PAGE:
Muchacho Messi Makes Time Stand Still
Croatia may complain about the penalty decision that turned the tide, but they ultimately had no answer to the magic of Messi.
A year before Lionel Messi was born, Diego Armando Maradona illuminated a World Cup semifinal against European opposition with two wonder goals, one with the outside of that matchless left foot, and the other with the instep. Both acute-angled finishes on the run, with the perfect balance as awe-inspiring as the deftness of touch. Genius, in other words.
On December 13 at the Lusail Stadium, against a Croatian team playing their second semifinal in four years, Messi did score, from the penalty spot. But it’s not that left-footed drive high into the net that we’ll be talking about years from now. That’s not the replay that coaches will show young kids, while saying: “Now, that was a player!”
With just over 20 minutes remaining, Messi received the ball on the right touchline, midway inside the Croatian half. Josko Gvardiol, the most commanding centre-back on view in this tournament, was watching him closely. Messi ran past him. Gvardiol followed. After a few strides, Messi cut inside and headed to the penalty box. As he was about to enter it, he paused and turned his back to goal. Gvardiol also stepped on the brake.
In a flash though, Messi had twisted to his left and run towards the goalline. Gvardiol tried to muscle him off the ball, acutely conscious that over-vigorous contact might mean another penalty for Argentina. Then, Messi changed direction again, moving along the goalline towards the near post. Gvardiol made one last attempt to block his path.
Messi played the ball through his legs to Julian Alvarez, waiting on the edge of the six-yard box. Argentina’s new No.9 had already shown earlier in the tournament why Pep Guardiola and Manchester City consider the 14.1 million pounds that they paid River Plate to be one of the bargains of the century. He was never going to miss.
Had a sprightly young 20-year-old forward executed that sequence of events against an aging but skilful defender, we would have been on our feet in appreciation. But this was a 35 year old, who Louis van Gaal had clearly annoyed by saying he didn’t run much, making a fool out of the world’s best young centre-half. The first reaction, as it is so often is with Messi, wasn’t appreciation, but awe. How does he do it? How has he been doing it for so long? How does he manage to get even Father Time to stand still?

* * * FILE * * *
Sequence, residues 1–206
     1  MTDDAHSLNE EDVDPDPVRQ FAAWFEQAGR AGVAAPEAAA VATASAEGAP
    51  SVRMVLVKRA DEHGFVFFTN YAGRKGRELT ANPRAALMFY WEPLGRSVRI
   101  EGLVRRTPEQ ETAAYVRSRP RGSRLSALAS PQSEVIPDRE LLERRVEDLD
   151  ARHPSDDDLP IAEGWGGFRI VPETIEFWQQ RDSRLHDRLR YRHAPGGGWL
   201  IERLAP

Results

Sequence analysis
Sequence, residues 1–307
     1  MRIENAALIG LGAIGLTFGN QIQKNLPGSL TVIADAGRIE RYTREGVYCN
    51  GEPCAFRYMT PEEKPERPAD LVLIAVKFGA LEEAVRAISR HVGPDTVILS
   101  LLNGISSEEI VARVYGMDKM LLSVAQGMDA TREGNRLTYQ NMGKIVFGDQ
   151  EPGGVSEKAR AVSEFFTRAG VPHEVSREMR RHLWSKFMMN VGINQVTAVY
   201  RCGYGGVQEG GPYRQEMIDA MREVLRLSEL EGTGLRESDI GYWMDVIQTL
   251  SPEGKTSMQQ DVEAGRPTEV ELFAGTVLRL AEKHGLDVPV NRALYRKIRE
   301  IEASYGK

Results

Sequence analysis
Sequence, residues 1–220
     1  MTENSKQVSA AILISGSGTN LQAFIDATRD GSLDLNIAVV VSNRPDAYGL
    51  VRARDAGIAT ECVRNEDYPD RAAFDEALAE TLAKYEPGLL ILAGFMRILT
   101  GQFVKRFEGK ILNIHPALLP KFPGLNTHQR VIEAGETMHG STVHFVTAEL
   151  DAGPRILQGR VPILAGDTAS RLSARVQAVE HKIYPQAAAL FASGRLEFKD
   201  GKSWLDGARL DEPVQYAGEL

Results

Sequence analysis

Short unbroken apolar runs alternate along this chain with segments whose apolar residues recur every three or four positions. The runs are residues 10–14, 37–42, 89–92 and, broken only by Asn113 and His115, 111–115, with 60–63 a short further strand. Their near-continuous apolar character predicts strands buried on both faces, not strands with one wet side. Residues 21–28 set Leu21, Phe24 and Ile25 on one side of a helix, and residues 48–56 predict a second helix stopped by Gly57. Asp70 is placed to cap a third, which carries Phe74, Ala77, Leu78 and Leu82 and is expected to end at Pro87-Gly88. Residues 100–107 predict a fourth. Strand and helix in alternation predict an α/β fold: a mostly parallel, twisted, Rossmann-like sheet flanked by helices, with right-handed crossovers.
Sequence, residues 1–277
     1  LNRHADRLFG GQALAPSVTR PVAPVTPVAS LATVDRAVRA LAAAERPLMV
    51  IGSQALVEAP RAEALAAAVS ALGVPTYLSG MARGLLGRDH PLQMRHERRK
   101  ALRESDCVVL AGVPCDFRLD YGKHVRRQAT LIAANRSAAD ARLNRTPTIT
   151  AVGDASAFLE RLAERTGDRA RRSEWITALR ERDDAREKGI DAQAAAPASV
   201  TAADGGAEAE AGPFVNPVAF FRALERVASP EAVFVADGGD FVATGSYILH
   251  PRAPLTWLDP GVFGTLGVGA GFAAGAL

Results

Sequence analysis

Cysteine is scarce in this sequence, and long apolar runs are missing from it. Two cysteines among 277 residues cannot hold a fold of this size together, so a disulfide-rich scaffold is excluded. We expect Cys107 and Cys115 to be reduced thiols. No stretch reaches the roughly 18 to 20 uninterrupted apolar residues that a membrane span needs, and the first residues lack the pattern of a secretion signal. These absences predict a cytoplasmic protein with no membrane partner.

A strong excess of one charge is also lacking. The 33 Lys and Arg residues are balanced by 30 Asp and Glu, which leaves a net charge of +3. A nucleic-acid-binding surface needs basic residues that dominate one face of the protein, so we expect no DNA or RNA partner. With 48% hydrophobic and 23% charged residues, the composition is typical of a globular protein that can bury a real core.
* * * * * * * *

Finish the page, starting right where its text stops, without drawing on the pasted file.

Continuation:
Messi won’t be credited with an assist for Alvarez’s first goal, a marvellous run and finish that involved fortunate ricochets off Josip Juranovic and Borna Sosa, but it shouldn’t be overlooked that it was his pass at full stretch that sent the youngster on his way from deep inside his own half.
Croatian supporters can be forgiven for lingering at length on the award of a penalty in the 34th minute. Dominik Livakovic had nowhere to go, and he didn’t exactly plough into Alvarez as Toni Schumacher so infamously did with Patrick Battiston 40 years ago. But forget about Dejan Lovren on the goalline for a second. Had Livakovic knocked Alvarez over after he’d slipped the ball over him, with no one to cover on the line, a straight red card would have been his fate. The lack of aggressive movement from him shouldn’t obscure the fact that he obstructed Alvarez. Outside the box, that’s a free kick. Inside it, the referee had no option but to whistle for a penalty.
Once Messi knocked that in, the tide turned for good. Till then, Croatia had again controlled the midfield, settling into their passing rhythm even as Argentina struggled to string more than three or four together. Right through the tournament, the lack of pace in Croatia’s midfield had been apparent. No one had taken advantage of it.
Enzo Fernandez did with the raking pass that cut out the midfield and released Alvarez for his game-changing run on goal. Thereafter, Argentina used the tactic often. Lovren is still a fine centre-back when he has to defend crosses, block shots or guard his man. Ask him to turn and chase after a speedy forward though, and it’s a different story.
The last quarter of an hour felt like an endless party. Football chants are often staccato, and borderline obnoxious. Rarely do you get a chant or song that is tuneful or sappy. The obvious and well-known exception is the Liverpool anthem, You’ll Never Walk Alone. In Qatar, thousands of miles from home, an estimated 40,000 Argentine fans and thousands of others (mostly Indian) who passionately follow the Albiceleste have bounced in the stands to a tune that wasn’t even in existence two years ago.
Almost two decades ago, La Moscas released Muchachos, Esta Noche Me Emborracho [Boys, Tonight I’ll Get Drunk]. Nearly two decades later, as Argentina beat Brazil to win the Copa America on Brazilian soil in 2021, Fernando Romero, an ardent fan, rewrote the lyrics. The song about a broken heart was transformed into one about optimism. Muchachos, ahora nos volvimo’ a ilusionar [Boys, We Have Our Hopes Up Again].
Guillermo Novellis, La Moscas’ lead singer, and the band then recorded the new version, which quickly earned such a following that even Messi called it his favourite chant in an interview earlier this year. It’s not hard to see why.
Roughly translated, the opening line goes: “I was born in Argentina, land of Diego and Lionel, of the kids from the Malvinas [the Falkland Islands], whom I’ll never forget.” One sentence that manages to squeeze in the country’s two most cherished football sons, and a conflict that inspired the first of them to score his most famous goal in 1986.
Messi lost a final in 2014. He could still lose this one. But to watch him streak past Gvardiol was to witness someone moving inexorably towards his date with destiny. On this form, and with all those thousands yelling Muchachos, he’ll take some stopping.